Why the San Francisco Police Review Won’t Force Reform

A man holds up a picture of Mario Woods during a December meeting of San Francisco's Police Commission.

A man holds up a picture of Mario Woods during a December meeting of San Francisco's Police Commission. (AP Photo/Jeff Chiu)

February 2, 2016

Federal officials have intervened in yet another police department in the wake of a controversial shooting death of a black man, Mario Woods, which has brought protesters to the streets and renewed calls for change.

But this time, in San Francisco, the police won’t be forced to reform. At least not for now. 

When the Justice Department intervenes in police departments, it typically launches what it calls a pattern or practice investigation into civil-rights violations. Federal officials can then force agencies into agreements to reform. They’ve done this more than 30 times in the past two decades, most recently in Cleveland and Ferguson, Mo.

San Francisco’s investigation, which was announced on Monday, will be different. It falls under a separate Justice Department program launched in 2011 known as the Collaborative Reform Initiative. Like the pattern-or-practice investigations, federal officials review the police department’s policies and practices and make recommendations for reform.

But under the collaborative process, it will be up to city officials to decide how or whether those changes will be made. San Francisco will have no binding agreement, and unlike pattern or practice cases, federal officials won’t be able to sue the police if they don’t accept their recommendations.

The Justice Department said it opened the review at the request of San Francisco’s mayor, Edwin Lee, and Police Chief Greg Suhr.

“The Department of Justice will engage the police department, the Mayor’s office, and the communities they serve in a constructive assessment,” said Attorney General Loretta Lynch in announcing the review. “We are also committed to monitoring and assisting with the implementation of any reforms recommended by [federal investigators].”

Baltimore’s Failed Review Process

The reform process doesn’t preclude federal officials from opening a pattern-or-practice investigation later on, if they deem it necessary, as they did in Baltimore last year.

In October 2014, the Justice Department began a review of the Baltimore police department amid residents’ complaints of police misconduct. But then in April 2015, after Freddie Gray, a 25-year-old African-American man, died in police custody, federal officials decided to open a pattern-or-practice investigation.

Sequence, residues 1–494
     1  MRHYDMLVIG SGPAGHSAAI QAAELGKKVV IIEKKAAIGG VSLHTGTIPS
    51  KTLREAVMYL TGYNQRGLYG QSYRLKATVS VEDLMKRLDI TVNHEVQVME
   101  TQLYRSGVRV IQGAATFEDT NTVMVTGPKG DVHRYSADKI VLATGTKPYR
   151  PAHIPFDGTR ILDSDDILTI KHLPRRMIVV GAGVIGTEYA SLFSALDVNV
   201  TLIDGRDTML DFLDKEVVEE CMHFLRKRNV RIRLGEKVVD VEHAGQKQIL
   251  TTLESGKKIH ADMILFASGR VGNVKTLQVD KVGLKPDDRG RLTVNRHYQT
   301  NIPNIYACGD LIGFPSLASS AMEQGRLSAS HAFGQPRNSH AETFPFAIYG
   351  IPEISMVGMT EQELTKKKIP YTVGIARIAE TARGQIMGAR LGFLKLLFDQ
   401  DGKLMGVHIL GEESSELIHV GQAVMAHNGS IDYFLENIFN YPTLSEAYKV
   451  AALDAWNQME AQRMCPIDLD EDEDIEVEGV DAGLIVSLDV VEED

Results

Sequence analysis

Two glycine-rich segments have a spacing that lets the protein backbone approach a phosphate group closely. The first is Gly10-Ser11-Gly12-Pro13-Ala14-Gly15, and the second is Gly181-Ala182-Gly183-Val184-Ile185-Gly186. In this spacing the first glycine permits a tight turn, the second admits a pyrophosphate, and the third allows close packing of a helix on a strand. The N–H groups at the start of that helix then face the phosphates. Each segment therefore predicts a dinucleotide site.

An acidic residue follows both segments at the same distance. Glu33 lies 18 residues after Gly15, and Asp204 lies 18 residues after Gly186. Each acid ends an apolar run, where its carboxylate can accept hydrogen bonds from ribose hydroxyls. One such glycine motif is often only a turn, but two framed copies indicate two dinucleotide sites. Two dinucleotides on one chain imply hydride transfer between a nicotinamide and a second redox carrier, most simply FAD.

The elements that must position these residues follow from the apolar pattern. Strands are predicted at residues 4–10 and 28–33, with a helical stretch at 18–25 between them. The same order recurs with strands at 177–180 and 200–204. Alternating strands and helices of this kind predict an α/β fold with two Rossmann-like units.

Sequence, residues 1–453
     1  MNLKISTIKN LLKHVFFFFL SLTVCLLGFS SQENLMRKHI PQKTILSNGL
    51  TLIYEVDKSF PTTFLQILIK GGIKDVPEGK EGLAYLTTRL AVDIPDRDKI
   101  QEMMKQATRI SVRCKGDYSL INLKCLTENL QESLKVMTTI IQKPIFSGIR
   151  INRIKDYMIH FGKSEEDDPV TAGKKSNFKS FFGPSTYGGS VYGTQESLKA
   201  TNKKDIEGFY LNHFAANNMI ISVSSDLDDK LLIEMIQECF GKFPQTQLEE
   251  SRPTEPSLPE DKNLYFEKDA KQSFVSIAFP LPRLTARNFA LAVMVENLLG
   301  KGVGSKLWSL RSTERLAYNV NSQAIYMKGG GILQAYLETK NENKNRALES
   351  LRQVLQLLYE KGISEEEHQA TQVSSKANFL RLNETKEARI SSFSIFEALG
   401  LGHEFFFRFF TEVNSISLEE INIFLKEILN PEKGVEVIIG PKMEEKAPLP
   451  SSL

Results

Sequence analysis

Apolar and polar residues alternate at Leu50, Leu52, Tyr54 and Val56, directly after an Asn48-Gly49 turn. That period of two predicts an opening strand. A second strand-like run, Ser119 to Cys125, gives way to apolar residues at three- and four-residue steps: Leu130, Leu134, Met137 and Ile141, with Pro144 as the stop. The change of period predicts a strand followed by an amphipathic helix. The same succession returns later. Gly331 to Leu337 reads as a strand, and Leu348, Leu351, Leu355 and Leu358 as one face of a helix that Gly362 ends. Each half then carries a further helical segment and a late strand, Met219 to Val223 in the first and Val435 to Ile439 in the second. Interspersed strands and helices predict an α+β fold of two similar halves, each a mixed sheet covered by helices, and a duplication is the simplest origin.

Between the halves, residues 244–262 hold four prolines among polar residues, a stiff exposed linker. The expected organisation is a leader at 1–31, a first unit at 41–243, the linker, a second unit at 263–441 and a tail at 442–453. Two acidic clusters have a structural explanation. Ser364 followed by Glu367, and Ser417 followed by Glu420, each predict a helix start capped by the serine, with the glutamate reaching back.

In explaining the decision at the time, Lynch told reporters that the collaborative review process needed support from the police and city officials, but also local residents. Community trust in the police had been “severed” in Baltimore, she said, and the issues facing the police department were “much more serious, and they were much more intense” than when the review process began.

Lynch said that federal officials would seek a court-enforceable agreement in Baltimore. The investigation there is still ongoing.

Does Collaborative Reform Work?

The Justice Department has had the ability to investigate departments since 1994, but the collaborative reform initiative only started in 2011. Just one department, the Las Vegas Metropolitan police, has completed the process so far, and data there suggests some progress.

In Las Vegas, federal officials were asked by police to review officers’ use of force after a 2011 series in the Las Vegas Review Journal investigating 20 years of officer-involved shootings. The paper found that several of the shootings could have been avoided, and raised questions about the police department’s internal accountability mechanisms.

By 2014, the Las Vegas police had implemented significant reforms, including updating its use of force policy, improving how incidents are reviewed and documented, and training officers on racial bias. The city adopted body cameras and introduced a more transparent investigative process for officer-involved shootings.

The Justice Department found that officer-involved shootings declined, from 25 in 2010 to 13 in 2013.

The Justice Department is currently working with seven other departments, in Milwaukee; Philadelphia; Spokane, Wash.; St. Louis County, Mo.; Salinas, Calif.; Calexico, Calif.; and Fayetteville, N.C.

In San Francisco, the Justice Department said it would issue a public report once it finishes its review, and then track  progress over 18 months.

Sarah Childress

Sarah Childress, Series Senior Editor, FRONTLINE



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